Tuesday, January 27, 2009

Worlds Worst Travel Diseases

Here is a link on the worst travel diseases and how to prevent them...

God, please don't let anyone get sick on this trip!

Friday, January 2, 2009


Well I am obviously doing some "net" searching today with the general google topic "Ghana" (or combinations of "Ghana Blogs", "Ghana, elections", "Ghana Rehabilitation"). I have come across a few great resources for those traveling to Ghana (a few I wish I had before my trips), or for others who are just interested in the rehabilitation in developing countries. The first is a blog by an Irish teacher volunteering in Ghana. His most recent blog entry provides an insightful view on how "white" people (or westerners in general) are viewed in Ghana and what this means. He also provides some good packing tips for travelers.

The other resources are books which I have found on Amazon. The first is Disabled Villiage Children which I have been eyeing for a while but finally purchased. It was written over 20 years ago, which has been my main hesitation in purchasing it. But on the cover is a boy walking with a wooden walker, and I can't help but imagine us needing to make-shift some similar devices while we are in-country (or teaching others how to do so).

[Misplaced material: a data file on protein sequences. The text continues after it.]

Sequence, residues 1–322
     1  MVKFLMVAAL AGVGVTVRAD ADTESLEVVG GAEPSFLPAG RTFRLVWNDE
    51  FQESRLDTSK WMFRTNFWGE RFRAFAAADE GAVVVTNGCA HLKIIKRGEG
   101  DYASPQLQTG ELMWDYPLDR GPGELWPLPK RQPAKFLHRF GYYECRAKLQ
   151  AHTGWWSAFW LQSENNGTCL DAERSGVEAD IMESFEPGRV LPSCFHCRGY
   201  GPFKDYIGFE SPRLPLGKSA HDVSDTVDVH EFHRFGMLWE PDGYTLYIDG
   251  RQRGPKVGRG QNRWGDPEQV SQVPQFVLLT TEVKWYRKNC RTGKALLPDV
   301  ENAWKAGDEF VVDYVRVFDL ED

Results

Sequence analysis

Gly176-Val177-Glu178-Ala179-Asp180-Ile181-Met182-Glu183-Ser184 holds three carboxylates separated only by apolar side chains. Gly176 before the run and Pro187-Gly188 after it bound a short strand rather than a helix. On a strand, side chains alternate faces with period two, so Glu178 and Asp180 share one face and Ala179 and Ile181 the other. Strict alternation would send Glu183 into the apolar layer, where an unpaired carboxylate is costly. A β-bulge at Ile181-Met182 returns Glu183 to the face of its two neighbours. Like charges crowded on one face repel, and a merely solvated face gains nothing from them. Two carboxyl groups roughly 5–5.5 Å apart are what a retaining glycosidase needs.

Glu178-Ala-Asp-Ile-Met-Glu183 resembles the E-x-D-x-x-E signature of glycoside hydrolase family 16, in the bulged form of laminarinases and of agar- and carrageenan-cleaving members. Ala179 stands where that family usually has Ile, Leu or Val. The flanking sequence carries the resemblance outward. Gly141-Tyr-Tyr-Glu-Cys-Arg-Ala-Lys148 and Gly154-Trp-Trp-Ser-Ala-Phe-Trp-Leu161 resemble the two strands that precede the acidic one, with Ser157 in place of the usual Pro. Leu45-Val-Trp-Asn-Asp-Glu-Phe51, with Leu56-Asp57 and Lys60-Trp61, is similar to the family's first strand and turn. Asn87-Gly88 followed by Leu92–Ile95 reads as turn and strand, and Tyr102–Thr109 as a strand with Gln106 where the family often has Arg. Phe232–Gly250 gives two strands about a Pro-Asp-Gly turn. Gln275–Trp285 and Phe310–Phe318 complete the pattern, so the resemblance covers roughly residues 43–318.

Another book I found is called Helping Health Workers Learn: A Book of Methods, Aids, and Ideas for Instructors at the Village Level. Again, it was written in 1982, but I think the concept of empowering people to meet their own needs and the needs of their community is key to the work I/we hope to do while we are in Ghana.

The last book is a general travel guide for Ghana. When I went to Ghana the first time I took with me a guide to West Africa, which only had one chapter on all of Ghana. I found myself envious of my fellow travelers who had a guide book just about Ghana. They had a much better grasp on local places to go and thing to do. Here is the most recent travel guide I could find; it is by Bradt and was published in 2007.

If anyone knows of other good resources please pass them along!